Blog Index

What is your exit strategy?

Journalism Accelerator

Journalism Accelerator (JA) brings a different kind of service model to market; we are taking the approach as entrepreneurs launching a startup. As the JA has sought expertise from the field, we’ve had the good fortune of some top notch consulting from Rusty Coats. Rusty is a new media news business thought leader with deep expertise in successful content product development. The first question Rusty asked us was “so, what’s your exit strategy?” What a great place to assess the unique value a product or service brings to targeted communities! We were inspired by this question and the thinking behind it. And thought our community might be as well.

About the Author

Rusty Coats is President, author and cofounder of Coats2Coats, a consulting firm focused on a media future that is mobile, participatory and sustainable. He and his partner, Janet Coats, work with clients including startups, foundations, media companies and academia. He has worked in interactive media since 1992 for a variety of media and research companies, with positions ranging from a reporter covering Silicon Valley to website manager to corporate overlord.

For most startups, it’s the second question its founders answer – right after articulating the vision of the company. The more startups I work with, the more Zen I find that dynamic:

  • Step 1: Here is why we exist.
  • Step 2: Here is how we will exit.

It reminds me very much of an underlying theme in the 1996 film “Phenomenon,” in which the protagonist, inexplicably gifted with amazing powers that also shorten his life, says: “Everything is on its way to something else.” Biology and economics have life cycles that begin, grow, peak, diminish, plateau, diversify and even reproduce. The key is being aware of this reality – and planning for it.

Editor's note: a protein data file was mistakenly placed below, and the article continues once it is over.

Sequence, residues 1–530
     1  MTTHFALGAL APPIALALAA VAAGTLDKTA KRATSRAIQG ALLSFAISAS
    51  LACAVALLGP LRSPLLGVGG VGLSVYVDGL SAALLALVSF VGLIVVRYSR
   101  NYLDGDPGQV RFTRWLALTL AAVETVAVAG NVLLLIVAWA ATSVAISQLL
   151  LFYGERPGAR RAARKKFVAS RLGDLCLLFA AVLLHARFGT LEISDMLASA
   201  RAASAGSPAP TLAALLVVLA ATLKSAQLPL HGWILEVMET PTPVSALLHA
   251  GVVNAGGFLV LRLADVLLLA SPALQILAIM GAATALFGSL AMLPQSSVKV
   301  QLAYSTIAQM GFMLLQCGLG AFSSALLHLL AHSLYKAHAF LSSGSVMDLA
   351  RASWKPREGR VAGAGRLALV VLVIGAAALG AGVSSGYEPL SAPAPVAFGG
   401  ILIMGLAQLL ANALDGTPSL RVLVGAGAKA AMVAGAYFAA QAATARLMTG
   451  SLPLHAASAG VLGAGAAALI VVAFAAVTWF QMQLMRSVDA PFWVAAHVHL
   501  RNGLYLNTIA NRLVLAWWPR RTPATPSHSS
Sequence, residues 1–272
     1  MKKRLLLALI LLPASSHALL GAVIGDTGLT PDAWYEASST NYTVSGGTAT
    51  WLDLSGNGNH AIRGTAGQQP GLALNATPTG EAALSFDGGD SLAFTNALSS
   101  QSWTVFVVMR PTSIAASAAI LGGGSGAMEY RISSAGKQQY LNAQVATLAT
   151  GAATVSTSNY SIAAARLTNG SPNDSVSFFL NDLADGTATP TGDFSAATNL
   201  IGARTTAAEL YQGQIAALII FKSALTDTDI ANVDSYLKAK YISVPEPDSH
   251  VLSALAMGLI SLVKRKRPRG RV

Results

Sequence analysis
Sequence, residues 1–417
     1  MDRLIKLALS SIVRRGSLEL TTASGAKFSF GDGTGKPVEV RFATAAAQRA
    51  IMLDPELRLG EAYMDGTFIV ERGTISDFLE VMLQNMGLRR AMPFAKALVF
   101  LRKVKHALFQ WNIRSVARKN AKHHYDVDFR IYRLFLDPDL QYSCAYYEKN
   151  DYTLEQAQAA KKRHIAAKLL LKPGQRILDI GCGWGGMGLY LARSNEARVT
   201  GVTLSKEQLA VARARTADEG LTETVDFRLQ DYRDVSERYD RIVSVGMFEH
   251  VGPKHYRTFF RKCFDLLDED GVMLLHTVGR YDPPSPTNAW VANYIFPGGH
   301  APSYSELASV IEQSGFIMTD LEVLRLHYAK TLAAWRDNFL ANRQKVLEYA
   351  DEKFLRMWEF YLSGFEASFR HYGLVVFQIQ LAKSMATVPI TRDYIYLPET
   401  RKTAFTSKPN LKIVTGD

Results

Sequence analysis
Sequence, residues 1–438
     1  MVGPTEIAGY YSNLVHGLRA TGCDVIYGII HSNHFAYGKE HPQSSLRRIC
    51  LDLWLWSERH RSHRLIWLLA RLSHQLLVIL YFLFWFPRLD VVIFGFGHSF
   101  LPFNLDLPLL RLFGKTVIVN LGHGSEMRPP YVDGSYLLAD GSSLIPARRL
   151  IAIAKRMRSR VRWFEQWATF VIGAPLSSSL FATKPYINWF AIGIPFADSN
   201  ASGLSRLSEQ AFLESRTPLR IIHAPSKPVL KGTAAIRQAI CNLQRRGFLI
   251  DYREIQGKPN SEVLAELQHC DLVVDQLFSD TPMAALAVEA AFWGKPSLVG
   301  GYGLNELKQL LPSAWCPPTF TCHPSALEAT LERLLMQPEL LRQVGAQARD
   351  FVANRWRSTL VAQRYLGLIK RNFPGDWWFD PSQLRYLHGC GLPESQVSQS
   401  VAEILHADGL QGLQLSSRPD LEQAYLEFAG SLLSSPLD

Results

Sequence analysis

The news entrepreneur space has seen an explosion of life. Some counts have neighborhood and niche news sites numbering in the 400s. All are small businesses – some with nonprofit tax status, some profitable enterprises. And all of them will become something different than they are now.

Robo News dispensary Tomorrowland Disney World

RoboNewz dispensary in Tomorrowland at Disney World. Photo by Rusty Coats.


They may:

  • Sell their site and assets to someone – another site, network of sites.
  • Go public.
  • Merge with someone.
  • Buy someone else’s operation.
  • Turn over the site to a family member.
  • Change incorporation status.
  • Franchise.
  • Become their own endowed foundation.
  • Simply cease operating.




The key is to have that conversation before the conversation has you.

Startups define a successful exit strategy by necessity. Investors don’t want to be in your business forever; they just want to know how and when you’ll cash in their chips. Local small businesses and franchises are the same. For instance, if you happen to apply for small business loans in Jacksonville, those banks might probably want to know how and when you’ll repay it – and how you’ll grow from there.

Even self-funded, owner-operated businesses have exit plans.

Foundations are starting to have the same conversation. Funders may call it sustainability, but the implication is clear: They want some assurance that their grants are funding something that is viable in the long-term – or contributes something to others if it is not. That is a critical part of business exit strategies: Capturing the value of what was learned.

A starter kit on exit strategies includes a few key elements:

  • What exit strategy you desire. Use the list above.
  • How investments will be repaid. Even if you’re self- or foundation-funded, this is a good exercise. This focuses you on the accumulated value of your enterprise and how you’re refilling the coffers.
  • Who are the key investors/contributors and how will they be affected by the exit strategy? List everyone who has a stake in your operation. They may not get anything (I have plenty of worthless IPO promises, believe me) but you should correlate their contribution with a specific value.
  • How is knowledge being captured now and how will it be transferred. This is particularly of interest to funders right now.
  • When you expect this to occur.

So what is your exit strategy?